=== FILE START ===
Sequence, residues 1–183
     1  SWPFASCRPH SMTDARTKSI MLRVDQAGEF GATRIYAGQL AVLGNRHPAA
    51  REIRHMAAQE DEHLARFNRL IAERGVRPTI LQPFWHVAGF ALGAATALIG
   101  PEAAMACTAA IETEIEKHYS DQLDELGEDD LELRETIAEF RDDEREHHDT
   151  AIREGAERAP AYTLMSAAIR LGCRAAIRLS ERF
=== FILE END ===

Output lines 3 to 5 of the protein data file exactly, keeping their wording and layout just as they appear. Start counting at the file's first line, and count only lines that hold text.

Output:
    51  REIRHMAAQE DEHLARFNRL IAERGVRPTI LQPFWHVAGF ALGAATALIG
   101  PEAAMACTAA IETEIEKHYS DQLDELGEDD LELRETIAEF RDDEREHHDT
   151  AIREGAERAP AYTLMSAAIR LGCRAAIRLS ERF